Reads: 327

Steel like a two-ton box flap swings, groaning and shrieking, as the ferry settles into the dock. The ramp shifts and engines cough into life and Al watches Millie out of the corner of his eye. Her fingers tap the steering wheel. Neither of them say anything. They sip their coffee. Al burns his tongue but that’s not why he’s sweating.

Beneath them the ship moans and shudders as a hundred hydraulic pistons come to all at once. A juice box crushes paper-thin under a hinge the size of a car. The vast door stops still, vibrating in the harsh glow of summer wind. The chain is lifted. The crowd begins to move outward in a jerking, pulsing flush.

They rise, sliding, gliding up the ramp and out into the air. Leaned back in their seats they look like astronauts. Millie with her hair falling back and Al with his vice grip on the armrest. The man with the reflective vest waves them out and Al half expects him to slap the car across the ass in his enthusiasm. They’re out. Takeoff. Down the winding ramp, they roll, with gulls bawling in the heat and the umbilical of cars behind them stretching to rip. Al breathes.

“Well here we are,” he says.

“Here we are.”

The highway winds ribbon-wide across the coastal plain. The mountains up ahead stare out as if to test their entry. Sentinels. Flat-topped and sweeping, their granite walls defy gravity, pushing the limits of their own vastness in this region of dunes and sweeping grassy knobs. And then they’re amongst them. Oh, the mountains. Al can’t help but smile. How long has it been since I’ve seen mountains?

Here and there scars of fresh stone glare like pearls in the sun – a testament to the slides of spring, when hillside forests give way to rain. Sheep in the fields mock them as they pass, scoffing mouthfuls of wild hay.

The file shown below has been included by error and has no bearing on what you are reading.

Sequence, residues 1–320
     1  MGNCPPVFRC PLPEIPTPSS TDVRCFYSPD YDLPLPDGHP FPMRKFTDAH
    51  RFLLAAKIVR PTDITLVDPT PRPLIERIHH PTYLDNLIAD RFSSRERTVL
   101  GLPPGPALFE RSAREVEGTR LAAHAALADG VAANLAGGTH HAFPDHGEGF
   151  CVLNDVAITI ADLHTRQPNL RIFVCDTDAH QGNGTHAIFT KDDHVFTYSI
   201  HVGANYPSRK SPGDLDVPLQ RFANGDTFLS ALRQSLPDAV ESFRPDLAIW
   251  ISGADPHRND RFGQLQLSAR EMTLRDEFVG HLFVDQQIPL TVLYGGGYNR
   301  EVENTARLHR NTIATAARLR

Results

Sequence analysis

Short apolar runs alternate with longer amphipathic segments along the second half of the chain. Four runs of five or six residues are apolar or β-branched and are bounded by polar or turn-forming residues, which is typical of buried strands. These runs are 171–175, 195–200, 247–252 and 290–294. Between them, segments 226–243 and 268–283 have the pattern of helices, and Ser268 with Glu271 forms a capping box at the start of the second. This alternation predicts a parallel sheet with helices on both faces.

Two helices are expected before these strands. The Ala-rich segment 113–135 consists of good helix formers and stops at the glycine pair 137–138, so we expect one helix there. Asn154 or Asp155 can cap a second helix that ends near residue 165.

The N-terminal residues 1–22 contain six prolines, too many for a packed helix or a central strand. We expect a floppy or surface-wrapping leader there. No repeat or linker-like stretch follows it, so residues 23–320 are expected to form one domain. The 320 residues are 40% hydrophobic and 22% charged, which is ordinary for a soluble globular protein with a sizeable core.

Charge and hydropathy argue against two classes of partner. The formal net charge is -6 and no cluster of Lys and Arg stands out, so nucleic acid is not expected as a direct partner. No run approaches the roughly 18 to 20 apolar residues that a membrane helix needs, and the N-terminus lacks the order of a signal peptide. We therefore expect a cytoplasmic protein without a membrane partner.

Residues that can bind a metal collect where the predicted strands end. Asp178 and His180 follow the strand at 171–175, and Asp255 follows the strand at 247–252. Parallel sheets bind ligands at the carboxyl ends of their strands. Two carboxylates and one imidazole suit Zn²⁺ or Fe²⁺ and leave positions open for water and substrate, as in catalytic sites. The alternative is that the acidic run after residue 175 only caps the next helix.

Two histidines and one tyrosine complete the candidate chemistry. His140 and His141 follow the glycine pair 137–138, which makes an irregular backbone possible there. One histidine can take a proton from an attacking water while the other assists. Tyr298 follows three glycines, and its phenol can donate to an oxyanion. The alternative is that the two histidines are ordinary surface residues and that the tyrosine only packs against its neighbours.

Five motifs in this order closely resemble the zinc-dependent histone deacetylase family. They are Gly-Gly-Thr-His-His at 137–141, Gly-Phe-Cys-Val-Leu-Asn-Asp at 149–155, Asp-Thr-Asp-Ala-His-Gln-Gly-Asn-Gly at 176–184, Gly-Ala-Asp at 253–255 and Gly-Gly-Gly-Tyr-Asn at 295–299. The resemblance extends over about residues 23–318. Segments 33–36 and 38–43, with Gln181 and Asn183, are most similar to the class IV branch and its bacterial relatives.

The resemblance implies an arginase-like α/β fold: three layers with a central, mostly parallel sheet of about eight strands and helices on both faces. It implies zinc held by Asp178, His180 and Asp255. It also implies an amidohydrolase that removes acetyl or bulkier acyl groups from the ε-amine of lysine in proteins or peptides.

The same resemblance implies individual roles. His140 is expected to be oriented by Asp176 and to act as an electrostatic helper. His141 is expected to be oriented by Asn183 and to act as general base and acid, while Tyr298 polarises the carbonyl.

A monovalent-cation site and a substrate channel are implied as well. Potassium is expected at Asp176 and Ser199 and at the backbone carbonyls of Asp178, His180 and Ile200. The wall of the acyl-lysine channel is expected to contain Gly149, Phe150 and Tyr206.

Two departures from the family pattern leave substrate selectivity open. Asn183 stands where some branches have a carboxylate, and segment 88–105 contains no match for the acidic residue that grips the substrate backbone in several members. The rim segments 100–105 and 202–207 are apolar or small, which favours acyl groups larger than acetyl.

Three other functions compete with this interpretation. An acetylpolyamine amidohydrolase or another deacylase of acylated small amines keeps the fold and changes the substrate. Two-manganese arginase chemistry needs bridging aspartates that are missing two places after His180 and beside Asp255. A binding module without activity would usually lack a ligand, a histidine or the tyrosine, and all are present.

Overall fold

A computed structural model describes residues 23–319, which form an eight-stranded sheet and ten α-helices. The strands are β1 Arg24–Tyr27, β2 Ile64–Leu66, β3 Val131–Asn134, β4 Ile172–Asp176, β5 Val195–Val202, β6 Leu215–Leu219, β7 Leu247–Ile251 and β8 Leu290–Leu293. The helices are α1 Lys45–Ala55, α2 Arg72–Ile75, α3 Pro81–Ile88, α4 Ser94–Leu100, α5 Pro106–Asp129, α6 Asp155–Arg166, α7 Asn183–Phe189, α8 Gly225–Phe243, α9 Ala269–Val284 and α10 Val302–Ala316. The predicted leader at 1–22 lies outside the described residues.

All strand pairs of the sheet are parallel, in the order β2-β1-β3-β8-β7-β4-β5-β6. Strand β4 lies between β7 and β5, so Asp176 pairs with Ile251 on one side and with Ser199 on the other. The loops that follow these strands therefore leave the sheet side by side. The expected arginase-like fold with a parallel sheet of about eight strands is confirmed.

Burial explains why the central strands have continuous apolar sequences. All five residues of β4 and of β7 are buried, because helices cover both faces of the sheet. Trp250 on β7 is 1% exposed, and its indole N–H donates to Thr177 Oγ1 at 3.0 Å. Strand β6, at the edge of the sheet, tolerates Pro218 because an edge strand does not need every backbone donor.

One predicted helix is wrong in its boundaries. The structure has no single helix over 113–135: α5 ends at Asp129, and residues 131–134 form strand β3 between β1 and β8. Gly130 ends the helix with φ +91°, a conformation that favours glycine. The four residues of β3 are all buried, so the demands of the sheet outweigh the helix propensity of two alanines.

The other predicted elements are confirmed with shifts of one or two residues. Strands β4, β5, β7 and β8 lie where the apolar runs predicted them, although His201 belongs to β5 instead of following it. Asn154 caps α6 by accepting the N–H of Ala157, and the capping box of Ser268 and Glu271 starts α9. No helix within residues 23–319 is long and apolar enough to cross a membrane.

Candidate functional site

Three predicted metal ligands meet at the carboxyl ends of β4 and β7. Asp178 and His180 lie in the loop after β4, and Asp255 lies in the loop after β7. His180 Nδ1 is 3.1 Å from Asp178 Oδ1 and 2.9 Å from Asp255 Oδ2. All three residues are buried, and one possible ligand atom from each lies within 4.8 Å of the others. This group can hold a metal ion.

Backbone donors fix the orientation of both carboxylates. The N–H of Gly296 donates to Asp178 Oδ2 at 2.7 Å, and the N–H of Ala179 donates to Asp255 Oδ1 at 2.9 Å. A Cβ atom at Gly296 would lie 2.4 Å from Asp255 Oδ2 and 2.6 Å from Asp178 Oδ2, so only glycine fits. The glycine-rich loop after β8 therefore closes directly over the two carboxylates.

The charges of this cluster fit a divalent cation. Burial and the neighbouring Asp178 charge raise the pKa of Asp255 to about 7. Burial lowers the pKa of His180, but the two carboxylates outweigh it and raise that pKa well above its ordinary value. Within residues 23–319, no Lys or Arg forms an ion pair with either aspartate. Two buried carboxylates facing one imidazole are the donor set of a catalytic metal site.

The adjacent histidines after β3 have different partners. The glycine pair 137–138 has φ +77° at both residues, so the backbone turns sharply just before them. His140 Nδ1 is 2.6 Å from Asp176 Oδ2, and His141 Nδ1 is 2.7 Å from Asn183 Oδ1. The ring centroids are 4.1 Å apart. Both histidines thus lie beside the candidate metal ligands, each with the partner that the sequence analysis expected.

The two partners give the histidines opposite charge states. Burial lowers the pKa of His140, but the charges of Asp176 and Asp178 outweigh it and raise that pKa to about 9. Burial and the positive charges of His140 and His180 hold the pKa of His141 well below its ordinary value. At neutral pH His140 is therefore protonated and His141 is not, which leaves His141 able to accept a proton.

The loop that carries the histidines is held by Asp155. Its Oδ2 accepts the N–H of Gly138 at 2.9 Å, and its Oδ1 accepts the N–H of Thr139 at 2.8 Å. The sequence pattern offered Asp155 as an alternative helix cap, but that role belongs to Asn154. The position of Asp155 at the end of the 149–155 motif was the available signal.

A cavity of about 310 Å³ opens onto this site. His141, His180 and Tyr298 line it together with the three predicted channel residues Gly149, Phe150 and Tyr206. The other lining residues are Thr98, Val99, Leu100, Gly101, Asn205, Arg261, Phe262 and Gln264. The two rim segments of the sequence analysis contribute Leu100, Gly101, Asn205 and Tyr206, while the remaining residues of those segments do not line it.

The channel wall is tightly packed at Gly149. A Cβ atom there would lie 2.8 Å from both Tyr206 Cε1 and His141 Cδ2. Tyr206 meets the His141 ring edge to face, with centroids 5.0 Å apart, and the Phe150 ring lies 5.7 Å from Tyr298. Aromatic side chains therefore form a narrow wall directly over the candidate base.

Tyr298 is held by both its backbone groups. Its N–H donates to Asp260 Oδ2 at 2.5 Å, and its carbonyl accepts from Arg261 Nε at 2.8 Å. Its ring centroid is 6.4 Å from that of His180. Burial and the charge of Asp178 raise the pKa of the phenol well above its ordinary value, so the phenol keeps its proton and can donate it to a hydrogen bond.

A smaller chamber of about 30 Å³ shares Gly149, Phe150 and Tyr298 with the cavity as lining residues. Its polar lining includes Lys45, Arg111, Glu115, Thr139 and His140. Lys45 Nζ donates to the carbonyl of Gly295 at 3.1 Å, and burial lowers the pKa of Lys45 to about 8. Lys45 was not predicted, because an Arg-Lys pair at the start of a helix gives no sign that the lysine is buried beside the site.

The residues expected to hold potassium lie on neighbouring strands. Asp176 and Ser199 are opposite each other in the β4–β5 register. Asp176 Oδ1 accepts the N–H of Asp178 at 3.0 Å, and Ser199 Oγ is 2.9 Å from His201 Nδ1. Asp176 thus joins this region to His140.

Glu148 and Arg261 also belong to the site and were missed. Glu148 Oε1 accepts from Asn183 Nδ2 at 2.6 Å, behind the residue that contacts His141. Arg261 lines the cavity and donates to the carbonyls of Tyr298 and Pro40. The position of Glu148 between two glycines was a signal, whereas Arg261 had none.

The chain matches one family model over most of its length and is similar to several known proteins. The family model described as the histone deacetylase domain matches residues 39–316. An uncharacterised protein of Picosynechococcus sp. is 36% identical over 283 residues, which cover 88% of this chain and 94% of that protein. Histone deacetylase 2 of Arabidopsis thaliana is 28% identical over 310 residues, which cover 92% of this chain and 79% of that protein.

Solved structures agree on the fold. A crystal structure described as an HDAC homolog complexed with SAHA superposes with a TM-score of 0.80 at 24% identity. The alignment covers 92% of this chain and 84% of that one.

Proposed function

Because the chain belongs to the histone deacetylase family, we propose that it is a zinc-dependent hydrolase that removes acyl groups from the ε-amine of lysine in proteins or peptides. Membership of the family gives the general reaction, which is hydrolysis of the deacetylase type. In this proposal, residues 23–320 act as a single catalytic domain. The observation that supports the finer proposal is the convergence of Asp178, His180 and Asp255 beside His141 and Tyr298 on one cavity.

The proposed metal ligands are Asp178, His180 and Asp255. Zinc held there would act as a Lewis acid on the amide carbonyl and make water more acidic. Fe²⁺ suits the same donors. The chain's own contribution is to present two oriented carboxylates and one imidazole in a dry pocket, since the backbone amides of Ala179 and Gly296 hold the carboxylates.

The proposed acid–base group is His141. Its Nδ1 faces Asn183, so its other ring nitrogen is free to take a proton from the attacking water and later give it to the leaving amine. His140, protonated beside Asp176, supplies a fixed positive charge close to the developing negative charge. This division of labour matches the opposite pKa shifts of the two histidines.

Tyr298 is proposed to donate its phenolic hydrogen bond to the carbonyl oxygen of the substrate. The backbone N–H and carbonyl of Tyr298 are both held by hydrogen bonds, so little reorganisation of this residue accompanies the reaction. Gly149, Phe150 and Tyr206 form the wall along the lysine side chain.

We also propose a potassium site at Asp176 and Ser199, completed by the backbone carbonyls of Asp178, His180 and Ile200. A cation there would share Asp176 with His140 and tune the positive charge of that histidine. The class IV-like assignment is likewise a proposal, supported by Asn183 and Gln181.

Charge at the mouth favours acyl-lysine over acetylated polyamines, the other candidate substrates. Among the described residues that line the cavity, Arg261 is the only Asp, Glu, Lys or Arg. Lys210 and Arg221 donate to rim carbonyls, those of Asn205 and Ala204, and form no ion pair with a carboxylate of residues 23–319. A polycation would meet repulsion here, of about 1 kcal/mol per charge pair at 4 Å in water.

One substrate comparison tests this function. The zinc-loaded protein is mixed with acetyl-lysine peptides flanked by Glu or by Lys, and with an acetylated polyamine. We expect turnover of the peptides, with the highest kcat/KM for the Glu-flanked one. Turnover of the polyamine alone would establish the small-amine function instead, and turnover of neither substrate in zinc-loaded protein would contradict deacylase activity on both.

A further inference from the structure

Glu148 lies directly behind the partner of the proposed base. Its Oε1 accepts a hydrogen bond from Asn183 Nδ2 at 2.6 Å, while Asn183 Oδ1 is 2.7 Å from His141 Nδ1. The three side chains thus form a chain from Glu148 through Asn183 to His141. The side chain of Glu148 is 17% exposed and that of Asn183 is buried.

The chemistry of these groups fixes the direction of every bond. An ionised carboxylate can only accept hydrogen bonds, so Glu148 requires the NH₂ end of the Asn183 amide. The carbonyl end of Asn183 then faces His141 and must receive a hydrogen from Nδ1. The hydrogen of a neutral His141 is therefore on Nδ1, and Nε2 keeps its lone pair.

“Baaah,” Al says.

Millie shakes her head and grins.

They carry on and soon the pavement turns from black to gray and crackle. The highway gives up. As though it’s satisfied with the first impression. Potholes leer like puddles in the shimmering heat and soon they pass a roadcrew slapping ready mix on the asphalt. From here it’s a patchwork quilt and it will be for quite some ways, if Al’s memory is still worth anything.

For a while they search for a station but nothing good is playing, and after a time Millie turns down the tunes and they talk. About nothing in particular. School. Work. Weather. The things people talk about when they aren’t really telling anything. The pauses between words are too long by a hair. Al can feel the tenseness between them. Everything is not all right. It will have to do, though. For now.

Soon enough they’re riding the high, flat ground. Haggard firs a few feet high lean with a wind that isn’t blowing. Their limbs all reach for the east, toward the warmth of the rising sun and away from the gulf yawning on the horizon. That battered land – the Wreckhouse. Beside the shoulder an eighteen-wheeler lies belly up in the brush. A ripped seatbelt hangs out where the side window should be. Somebody’s stacked a little cairn of rocks on the undercarriage.

Al’s head starts to go fuzzy again. He nods to the conversation but isn’t really hearing it. His cradles his arm and thinks about Jess. There’s an odd metallic taste in his mouth. Copper. After a while Millie stops talking and he feels her staring at him. He gives in and rests his head against the window. Everything goes black.

Submitted: January 30, 2017

© Copyright 2021 keithdaniels. All rights reserved.


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